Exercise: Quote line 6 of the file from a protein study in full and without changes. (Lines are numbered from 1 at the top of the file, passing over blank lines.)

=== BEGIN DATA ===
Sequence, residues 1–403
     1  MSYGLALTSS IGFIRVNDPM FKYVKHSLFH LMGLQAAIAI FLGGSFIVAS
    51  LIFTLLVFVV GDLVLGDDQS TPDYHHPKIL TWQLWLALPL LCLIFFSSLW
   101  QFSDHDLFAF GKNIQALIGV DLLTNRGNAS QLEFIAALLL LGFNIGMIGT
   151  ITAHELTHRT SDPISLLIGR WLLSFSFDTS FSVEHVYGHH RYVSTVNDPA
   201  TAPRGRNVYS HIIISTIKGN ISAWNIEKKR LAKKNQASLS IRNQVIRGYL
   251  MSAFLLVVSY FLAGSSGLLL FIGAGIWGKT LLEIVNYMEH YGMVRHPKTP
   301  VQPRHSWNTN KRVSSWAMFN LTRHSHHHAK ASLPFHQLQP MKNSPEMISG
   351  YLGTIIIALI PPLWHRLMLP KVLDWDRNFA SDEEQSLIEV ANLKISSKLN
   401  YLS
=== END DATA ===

   201  TAPRGRNVYS HIIISTIKGN ISAWNIEKKR LAKKNQASLS IRNQVIRGYL